An additional 170 DB-7s were ordered October 14, 1939, and, beginning with DB-7 number 131, 1,000-hp R-1830-S3C4-G Twin Wasps using 100-octane fuel were installed on the remainder of the 270 DB-7s completed by September 3, 1940. The 131st DB-7 had also been tested July 26, l940, with a twin rudder arrangement requested by the French, whose Leo 45 bomber was thought to have a better rear gunner’s fire field due to twin tails. This system was not adopted for production, however, for firepower, not field of fire, was the common weakness of bomber defense in those days. DOUGLAS HAVOC II (Turbinlite)

Not until December 25, 1939, did ships carrying the first eight DB-7s arrive in Casablanca, where they were slowly assembled and delivered to the French air force in March 1940. By June 25, 121 arrived in crates, and 64 had reached five squadrons when the DB-7 entered combat on May 22. Fastest bombers at the front, they flew about 134 sorties, losing 16 DB-7s before France surrendered and the Douglas squadrons were withdrawn to North Africa. Britain took over all French contracts and 138 undelivered DB-7s on June 17.

The British named the earlier DB-7 Boston I, using four as trainers introducing nose-wheel gear to RAF pilots, and briefly called the 134 S3C4-G models the Boston II. Night operations had become a major RAF concern, so the Bostons went to six Fighter Command Squadrons renamed the Havoc I (Intruder) with black paint, flame-damper exhausts, and four .303-caliber fixed guns to supplement the bomb load. As aircraft intercept (AI) radar became available, the Havoc I (Night Fighter) appeared with the bomber’s compartment replaced by four more guns in a solid nose fairing. Instead of guns, 21 Havocs fitted with a searchlight in the nose became the “Turbinlite’ version. (See Chapter 18 for details). DOUGLAS A-20A

Britain also inherited a French contract made October 20, 1939, for 100 DB-7As with 1,275-hp R-2600-A5B Cyclones. With longer nacelles, armor, and broader vertical tail, the first DB-7A was flown on July 30, 1940, but crashed before acceptance. The remainder were accepted from November 20, 1940, to February 13, 1941, and, less eight lost at sea, were converted in Britain to Havoc II night fighters with twelve .303-caliber nose guns, added fuel tanks, and AI Mk. IV radar, while 39 became Havoc II (Turbinlite).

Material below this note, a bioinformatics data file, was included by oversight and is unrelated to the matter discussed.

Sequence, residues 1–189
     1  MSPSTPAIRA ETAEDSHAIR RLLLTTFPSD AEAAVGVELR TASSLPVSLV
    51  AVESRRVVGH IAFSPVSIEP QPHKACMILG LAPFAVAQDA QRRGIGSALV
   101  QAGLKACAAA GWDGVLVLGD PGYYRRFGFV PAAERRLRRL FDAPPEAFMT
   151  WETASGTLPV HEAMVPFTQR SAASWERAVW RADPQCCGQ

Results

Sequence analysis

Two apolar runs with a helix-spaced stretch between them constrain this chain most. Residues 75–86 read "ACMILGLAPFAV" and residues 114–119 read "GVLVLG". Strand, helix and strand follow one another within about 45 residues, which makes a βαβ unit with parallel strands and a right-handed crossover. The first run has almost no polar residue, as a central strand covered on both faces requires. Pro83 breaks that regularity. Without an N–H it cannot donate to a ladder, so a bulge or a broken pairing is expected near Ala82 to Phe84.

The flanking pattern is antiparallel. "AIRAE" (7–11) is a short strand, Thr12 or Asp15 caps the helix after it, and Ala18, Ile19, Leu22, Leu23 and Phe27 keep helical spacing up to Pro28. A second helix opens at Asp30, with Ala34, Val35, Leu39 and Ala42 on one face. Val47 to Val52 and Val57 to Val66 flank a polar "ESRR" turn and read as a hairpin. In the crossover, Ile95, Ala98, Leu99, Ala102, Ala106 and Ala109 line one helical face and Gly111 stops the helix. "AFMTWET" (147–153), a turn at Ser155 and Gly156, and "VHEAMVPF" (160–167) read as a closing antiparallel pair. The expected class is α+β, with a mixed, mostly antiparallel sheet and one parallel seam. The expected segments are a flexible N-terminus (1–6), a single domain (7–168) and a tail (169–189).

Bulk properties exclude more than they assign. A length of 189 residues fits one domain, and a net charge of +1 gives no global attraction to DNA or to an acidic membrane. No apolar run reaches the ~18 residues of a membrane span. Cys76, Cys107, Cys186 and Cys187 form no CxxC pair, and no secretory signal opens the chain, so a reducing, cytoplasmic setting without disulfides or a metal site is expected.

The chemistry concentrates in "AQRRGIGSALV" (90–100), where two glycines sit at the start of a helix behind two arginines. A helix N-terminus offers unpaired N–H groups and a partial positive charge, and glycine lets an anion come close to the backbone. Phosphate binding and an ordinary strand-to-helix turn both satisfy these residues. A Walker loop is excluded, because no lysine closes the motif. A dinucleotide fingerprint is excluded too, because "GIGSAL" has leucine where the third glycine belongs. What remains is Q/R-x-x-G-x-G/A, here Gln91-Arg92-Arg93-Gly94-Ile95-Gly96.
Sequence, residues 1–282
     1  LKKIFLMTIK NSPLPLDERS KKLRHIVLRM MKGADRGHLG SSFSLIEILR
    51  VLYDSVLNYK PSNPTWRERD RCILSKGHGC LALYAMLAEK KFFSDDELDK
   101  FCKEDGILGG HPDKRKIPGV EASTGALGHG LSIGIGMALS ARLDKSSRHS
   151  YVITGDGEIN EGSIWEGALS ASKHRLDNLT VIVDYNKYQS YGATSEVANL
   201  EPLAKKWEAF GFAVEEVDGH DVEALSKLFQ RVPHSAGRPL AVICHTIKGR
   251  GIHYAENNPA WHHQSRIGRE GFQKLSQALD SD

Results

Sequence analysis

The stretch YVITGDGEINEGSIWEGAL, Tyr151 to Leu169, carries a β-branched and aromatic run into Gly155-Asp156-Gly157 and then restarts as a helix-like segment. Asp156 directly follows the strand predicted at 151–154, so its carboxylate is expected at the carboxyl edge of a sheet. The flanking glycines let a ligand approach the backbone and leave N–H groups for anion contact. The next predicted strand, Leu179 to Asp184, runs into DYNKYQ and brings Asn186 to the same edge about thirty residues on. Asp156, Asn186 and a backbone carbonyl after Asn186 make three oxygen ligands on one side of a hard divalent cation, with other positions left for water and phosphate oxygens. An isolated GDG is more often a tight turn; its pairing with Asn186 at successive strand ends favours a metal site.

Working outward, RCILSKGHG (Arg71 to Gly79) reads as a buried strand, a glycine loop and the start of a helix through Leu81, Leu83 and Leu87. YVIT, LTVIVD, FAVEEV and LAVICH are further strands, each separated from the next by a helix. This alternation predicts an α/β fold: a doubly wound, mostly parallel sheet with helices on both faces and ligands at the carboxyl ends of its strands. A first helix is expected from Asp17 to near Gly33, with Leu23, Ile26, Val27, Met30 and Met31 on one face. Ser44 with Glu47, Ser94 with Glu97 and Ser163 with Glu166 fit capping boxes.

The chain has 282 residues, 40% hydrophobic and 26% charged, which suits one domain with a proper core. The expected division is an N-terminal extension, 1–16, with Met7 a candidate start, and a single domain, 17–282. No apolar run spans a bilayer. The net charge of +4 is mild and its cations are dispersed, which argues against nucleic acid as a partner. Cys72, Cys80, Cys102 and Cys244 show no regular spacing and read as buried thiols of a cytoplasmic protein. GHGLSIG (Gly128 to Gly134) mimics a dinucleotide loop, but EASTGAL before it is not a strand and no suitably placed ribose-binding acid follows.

Meanwhile, work on the Army version proceeded more slowly. The crashes of the 7B and NA-40 left the Stearman and Martin ships the only survivors of the March 38-385 competition. To these firms’ disappointment, no contract was awarded then; the Army instead waiting for new bids on April 17 for Circular Proposal 39-460, a modified specification not requiring prototypes.

Among the eight firms submitting new bids, Douglas offered a new version of their plane with Wright R-2600 engines instead of the R-1830 Wasps used on the 7B prototype. This won the order announced May 20, 1939, for 186 attack bombers, while only the prototypes of Stearman and Martin were purchased.

The first Army version was the A-20A, powered by Wright R-2600-11 Cyclones with a larger nose enclosure, stronger structure, and more fuel. For low-level attack, 80 30-pound, or 16 100-pound bombs could be carried, while alternately, one 1,100, two 600, or four 300-pound bombs could be dropped from greater heights. Four .30-caliber guns were set low in the nose, one (later two) in the rear cockpit, and one on the floor.

A contract approved on June 30 called for 123 A-20As, and 20 more were added a year later in exchange for the A-17As Douglas resold to Britain. The first A-20A flight was September 6, 1940, and that aircraft was delivered November 30. The fifth A-20A went to the Navy on December 2 as the BD-l, replaced by another A-20A added to the contract. Armor and leak-proof fuel tanks were not provided on the first 17, delivered by January 31, 1941, but were added to 127 remaining A-20As delivered from February 7 to August 29, 1941, and priced at $94,080 each. Fuel capacity was reduced from 500 to 388 gallons by the tank protection.